Review: A Monster Calls
a gut-wrenching tale about death and grievingDon’t be fooled: it may be labelled a fantasy but the content of A Monster Calls (2016) is brutally realistic. And ignore the trailer: it does not come remotely close to describing a story of the horrors inside a young boy’s mind as he helplessly watches his mother deal with terminal illness. Too bleak for young audiences and mislabelled for those older, it is one of the most gut-wrenching films this writer has seen in a long while.
There are two closely interwoven storylines at play: one is a magical fantasy, the other a tragic drama. Thirteen-year old Conor (Lewis MacDougall) is withdrawn and bullied at school as he experiences raging frustration over his mother’s (Felicity Jones) worsening illness. Each time the hospital unsuccessfully tries a new treatment his hopes are dashed. He has fits of destruction and is desperate to understand what the grown-ups are keeping from him. He hates living with his strict grandmother (Sigourney Weaver) and his remarried father (Toby Kebbell) leaves him feeling even more abandoned. Nothing can break Conor’s cycle of despair and time is running out. Drawing deep from his young sub-conscious memory, he reconstructs a monster story told long ago by his mother, one that empowers his desperate search for a happy ending. Her long-forgotten painting of a magic yew tree like the one outside his bedroom becomes his psychological crutch and he fantasises it as a powerful magical sage that can cure her illness. The tree comes to life with destructive menace to others but kindness towards Conor as it tries to teach acceptance of things that cannot be changed.
The brilliance of this film lies in the way that story unfolds not just from Conor’s point of view but from deep inside his turbulent mind. Conventional cinematography and narrative structures position us where the director wants us, but this film goes much further. Through the sincerity and emotive power of the amazing young Lewis MacDougall, we viscerally feel what he is feeling. While we see magical happenings on screen, the role of monster and magic in this narrative is entirely cathartic. Some viewers may need a degree of forgiveness for the unimaginative CGI tree monster and its magical doings. The sinewy hyper-masculine beast with flashing lights from every crevice might startle ten-year olds but it is a tame cliché for older viewers. Some of its dialogue sounds preachy like “heroes don’t always win” and its make-believe destructiveness can be repetitive. But these are minor distractions compared to the emotional punch this film can deliver.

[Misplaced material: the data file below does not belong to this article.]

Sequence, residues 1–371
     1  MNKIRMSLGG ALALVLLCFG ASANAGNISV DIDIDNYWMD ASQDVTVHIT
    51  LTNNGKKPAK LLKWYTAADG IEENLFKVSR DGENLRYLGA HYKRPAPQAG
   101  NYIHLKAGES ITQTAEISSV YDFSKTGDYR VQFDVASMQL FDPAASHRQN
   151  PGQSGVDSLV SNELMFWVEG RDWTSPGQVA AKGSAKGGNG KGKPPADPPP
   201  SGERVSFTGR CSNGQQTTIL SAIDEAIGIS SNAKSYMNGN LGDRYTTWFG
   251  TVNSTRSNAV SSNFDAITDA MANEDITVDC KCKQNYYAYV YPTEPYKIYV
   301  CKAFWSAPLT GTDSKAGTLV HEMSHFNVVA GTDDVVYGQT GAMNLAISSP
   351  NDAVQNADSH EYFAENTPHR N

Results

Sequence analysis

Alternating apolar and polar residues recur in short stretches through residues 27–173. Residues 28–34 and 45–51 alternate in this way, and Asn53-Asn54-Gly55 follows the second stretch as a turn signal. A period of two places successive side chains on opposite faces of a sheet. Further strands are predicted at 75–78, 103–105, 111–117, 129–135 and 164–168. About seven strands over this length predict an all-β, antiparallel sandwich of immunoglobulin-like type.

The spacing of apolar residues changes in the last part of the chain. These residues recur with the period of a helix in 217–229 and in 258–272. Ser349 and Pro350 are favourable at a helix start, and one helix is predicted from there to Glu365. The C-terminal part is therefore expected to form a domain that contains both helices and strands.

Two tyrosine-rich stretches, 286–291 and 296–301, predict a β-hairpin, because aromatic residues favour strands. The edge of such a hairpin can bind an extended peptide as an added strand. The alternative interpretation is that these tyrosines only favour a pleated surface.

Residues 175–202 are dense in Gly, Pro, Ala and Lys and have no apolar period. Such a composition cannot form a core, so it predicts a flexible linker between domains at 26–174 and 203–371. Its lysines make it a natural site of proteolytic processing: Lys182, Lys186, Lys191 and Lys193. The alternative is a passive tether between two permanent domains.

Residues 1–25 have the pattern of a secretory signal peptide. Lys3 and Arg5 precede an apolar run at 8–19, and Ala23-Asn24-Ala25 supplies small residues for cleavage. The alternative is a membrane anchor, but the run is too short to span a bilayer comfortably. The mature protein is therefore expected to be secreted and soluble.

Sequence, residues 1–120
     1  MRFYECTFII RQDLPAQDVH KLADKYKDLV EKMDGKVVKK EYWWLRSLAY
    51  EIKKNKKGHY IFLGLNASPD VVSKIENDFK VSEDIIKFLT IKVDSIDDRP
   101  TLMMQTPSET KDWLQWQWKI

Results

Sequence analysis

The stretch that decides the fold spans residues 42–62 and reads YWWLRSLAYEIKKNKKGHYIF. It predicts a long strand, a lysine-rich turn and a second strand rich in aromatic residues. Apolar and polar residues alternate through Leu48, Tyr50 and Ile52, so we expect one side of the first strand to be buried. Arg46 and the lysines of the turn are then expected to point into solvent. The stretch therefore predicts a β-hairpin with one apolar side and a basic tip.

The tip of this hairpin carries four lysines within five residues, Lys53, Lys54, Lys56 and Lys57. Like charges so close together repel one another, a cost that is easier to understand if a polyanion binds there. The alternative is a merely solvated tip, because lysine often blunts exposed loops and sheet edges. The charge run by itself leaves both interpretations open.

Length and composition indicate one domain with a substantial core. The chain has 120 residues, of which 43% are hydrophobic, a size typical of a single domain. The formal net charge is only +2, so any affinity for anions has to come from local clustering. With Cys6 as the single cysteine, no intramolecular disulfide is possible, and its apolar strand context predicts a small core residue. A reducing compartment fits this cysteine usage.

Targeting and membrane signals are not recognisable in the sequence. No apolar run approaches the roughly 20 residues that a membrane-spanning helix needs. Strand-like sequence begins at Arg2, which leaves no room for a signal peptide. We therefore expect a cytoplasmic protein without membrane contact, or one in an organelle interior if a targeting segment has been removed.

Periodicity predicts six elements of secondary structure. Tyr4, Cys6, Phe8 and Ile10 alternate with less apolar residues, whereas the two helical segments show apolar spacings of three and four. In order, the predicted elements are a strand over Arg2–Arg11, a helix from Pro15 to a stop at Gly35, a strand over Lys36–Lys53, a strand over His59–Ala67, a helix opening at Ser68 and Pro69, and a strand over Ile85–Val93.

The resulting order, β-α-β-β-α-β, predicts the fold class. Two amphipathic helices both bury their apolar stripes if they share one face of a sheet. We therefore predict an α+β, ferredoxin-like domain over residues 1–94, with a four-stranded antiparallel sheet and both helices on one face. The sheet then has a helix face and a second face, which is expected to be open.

Conversations about death and grief are difficult at any age. From the outset, the film’s narrator explains that Conor is somewhere between boy and man. By the end of his sad journey, he has grown emotionally and learnt about letting go. Much more than just entertainment, this sensitive coming of age tale is an honest conversation about some of the most complex feelings a human can ever experience.